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Is f(x) = cos^2(x) + sin^2(x) a periodic function?

  1. Apr 28, 2013 #1
    1. The problem statement, all variables and given/known data
    Is f(x) = cos^2(x) + sin^2(x) a periodic function?


    2. Relevant equations
    sin^2(x) + cos^2(x) = 1


    3. The attempt at a solution
    This question is just something that randomly came to my mind (not a hw problem). I know cos^2(x) and sin^2(x) are both periodic functions, but is sin^2(x) + cos^2(x) a periodic function too? If so, what would be its fundamental frequency?
     
  2. jcsd
  3. Apr 28, 2013 #2

    Zondrina

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    Homework Helper

    No, sin^2(x) + cos^2(x) = 1 which we know is not periodic, but constant.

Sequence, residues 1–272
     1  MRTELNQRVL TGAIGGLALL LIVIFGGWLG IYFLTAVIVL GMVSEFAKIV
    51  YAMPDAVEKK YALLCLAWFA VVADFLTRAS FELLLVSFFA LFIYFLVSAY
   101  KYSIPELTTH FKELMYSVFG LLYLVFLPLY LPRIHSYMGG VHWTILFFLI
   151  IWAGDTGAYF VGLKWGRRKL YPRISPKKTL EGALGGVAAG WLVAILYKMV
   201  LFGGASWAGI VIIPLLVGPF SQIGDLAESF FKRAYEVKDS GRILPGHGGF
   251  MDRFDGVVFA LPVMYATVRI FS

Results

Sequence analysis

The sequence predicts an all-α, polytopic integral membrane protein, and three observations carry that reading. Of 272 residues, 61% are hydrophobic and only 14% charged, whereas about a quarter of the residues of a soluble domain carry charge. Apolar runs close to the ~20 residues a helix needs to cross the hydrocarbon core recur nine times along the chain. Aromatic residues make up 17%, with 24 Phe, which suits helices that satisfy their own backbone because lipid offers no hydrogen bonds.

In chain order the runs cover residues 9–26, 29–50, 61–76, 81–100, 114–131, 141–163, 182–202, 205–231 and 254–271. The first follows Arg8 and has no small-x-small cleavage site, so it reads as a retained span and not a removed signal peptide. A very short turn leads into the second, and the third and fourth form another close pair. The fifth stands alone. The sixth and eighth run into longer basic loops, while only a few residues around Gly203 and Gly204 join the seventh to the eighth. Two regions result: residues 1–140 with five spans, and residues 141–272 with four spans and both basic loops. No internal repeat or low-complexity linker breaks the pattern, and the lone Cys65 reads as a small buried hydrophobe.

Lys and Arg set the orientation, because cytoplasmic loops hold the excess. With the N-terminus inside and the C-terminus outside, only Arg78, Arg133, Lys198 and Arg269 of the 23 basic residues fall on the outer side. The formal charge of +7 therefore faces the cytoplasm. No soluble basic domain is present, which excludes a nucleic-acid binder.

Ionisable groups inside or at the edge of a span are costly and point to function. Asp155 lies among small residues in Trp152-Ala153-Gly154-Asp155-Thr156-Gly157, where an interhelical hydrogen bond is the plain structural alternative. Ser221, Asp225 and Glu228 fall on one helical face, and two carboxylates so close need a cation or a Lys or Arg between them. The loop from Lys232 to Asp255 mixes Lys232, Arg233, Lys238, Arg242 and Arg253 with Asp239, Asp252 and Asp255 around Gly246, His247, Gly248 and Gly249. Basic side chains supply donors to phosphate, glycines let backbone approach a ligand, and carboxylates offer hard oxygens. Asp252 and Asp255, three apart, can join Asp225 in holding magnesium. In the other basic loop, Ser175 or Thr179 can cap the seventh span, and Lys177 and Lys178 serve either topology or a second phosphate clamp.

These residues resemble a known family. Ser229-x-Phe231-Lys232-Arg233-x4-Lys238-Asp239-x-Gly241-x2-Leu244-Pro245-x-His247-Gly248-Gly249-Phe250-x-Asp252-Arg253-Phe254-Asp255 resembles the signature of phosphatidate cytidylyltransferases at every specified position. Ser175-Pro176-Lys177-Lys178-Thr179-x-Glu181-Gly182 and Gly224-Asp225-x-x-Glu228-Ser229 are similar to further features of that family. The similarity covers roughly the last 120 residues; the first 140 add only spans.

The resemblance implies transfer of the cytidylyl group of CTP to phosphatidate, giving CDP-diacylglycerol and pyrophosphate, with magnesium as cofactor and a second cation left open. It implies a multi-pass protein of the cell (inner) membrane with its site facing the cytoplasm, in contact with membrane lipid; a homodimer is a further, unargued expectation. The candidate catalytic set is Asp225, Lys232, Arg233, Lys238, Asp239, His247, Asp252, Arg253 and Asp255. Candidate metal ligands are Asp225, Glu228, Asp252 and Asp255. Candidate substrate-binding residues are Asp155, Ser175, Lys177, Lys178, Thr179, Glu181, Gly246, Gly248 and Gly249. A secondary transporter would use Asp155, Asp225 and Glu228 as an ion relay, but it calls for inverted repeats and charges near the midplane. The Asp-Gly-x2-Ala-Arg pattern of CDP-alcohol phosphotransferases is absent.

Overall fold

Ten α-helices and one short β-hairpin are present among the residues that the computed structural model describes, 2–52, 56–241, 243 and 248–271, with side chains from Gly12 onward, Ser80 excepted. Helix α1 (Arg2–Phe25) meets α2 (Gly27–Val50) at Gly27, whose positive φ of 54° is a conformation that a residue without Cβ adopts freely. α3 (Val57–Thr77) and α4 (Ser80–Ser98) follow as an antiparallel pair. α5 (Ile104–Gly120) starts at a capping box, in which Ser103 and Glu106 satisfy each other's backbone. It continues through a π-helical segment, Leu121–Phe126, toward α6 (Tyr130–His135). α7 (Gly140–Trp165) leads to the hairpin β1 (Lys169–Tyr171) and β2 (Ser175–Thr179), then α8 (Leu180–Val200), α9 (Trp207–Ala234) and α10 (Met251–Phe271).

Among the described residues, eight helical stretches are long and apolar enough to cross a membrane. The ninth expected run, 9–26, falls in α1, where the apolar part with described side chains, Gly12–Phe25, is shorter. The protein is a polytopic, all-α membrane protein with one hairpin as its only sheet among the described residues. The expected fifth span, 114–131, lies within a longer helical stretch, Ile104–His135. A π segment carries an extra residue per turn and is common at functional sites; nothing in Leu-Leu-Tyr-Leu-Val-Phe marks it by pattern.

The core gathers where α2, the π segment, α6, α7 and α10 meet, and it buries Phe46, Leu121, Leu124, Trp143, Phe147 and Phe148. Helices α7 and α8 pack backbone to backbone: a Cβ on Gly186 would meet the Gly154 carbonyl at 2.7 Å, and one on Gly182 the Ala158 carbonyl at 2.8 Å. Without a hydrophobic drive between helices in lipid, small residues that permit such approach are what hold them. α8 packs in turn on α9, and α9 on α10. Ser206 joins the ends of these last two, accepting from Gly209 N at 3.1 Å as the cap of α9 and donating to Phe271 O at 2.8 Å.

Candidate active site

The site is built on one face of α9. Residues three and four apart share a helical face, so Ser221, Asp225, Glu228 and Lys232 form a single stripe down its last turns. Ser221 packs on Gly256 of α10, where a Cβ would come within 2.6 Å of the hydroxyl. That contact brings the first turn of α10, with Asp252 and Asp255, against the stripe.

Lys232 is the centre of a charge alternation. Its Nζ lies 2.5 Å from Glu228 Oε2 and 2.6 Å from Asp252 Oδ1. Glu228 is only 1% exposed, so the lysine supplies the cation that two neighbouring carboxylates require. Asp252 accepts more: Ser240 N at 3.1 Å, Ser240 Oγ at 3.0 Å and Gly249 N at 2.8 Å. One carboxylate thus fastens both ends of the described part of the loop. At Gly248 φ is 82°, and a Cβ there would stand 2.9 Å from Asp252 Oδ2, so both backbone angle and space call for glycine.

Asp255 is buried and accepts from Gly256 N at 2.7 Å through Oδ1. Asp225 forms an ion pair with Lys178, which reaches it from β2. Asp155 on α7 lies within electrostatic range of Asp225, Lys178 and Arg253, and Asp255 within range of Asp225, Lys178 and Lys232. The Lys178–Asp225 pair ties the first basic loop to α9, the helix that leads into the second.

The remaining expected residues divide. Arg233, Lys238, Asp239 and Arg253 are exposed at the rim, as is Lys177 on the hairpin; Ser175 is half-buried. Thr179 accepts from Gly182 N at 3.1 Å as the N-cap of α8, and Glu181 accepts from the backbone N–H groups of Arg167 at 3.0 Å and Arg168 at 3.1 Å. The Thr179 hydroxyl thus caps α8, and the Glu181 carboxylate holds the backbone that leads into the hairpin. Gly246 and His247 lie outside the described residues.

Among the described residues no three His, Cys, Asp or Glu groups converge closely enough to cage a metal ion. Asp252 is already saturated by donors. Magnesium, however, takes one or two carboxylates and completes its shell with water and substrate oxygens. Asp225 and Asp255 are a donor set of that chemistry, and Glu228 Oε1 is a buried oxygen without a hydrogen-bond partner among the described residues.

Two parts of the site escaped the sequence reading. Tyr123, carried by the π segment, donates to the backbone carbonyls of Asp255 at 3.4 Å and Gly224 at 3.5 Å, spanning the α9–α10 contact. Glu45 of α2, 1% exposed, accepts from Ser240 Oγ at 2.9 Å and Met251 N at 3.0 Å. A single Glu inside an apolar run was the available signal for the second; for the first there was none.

4. Apr 28, 2013 #3
    Indeed, as Zondrina mentioned, it is not periodic. Typically, we say a function f(x) is periodic if there is a smallest positive integer P≠0 for which f(x+P)=f(x). The number P is then the period. Since sin^2(x)+cos^2(x)=1:=1(x), it is not periodic, because 1(x+P)=1=1(x) for any P (so in particular, there isn't a smallest one).
     
    Last edited: Apr 28, 2013
  5. Apr 28, 2013 #4
    Technically a constant function is periodic but has no fundamental period, but it is kind of silly to refer to it in such a way.
     
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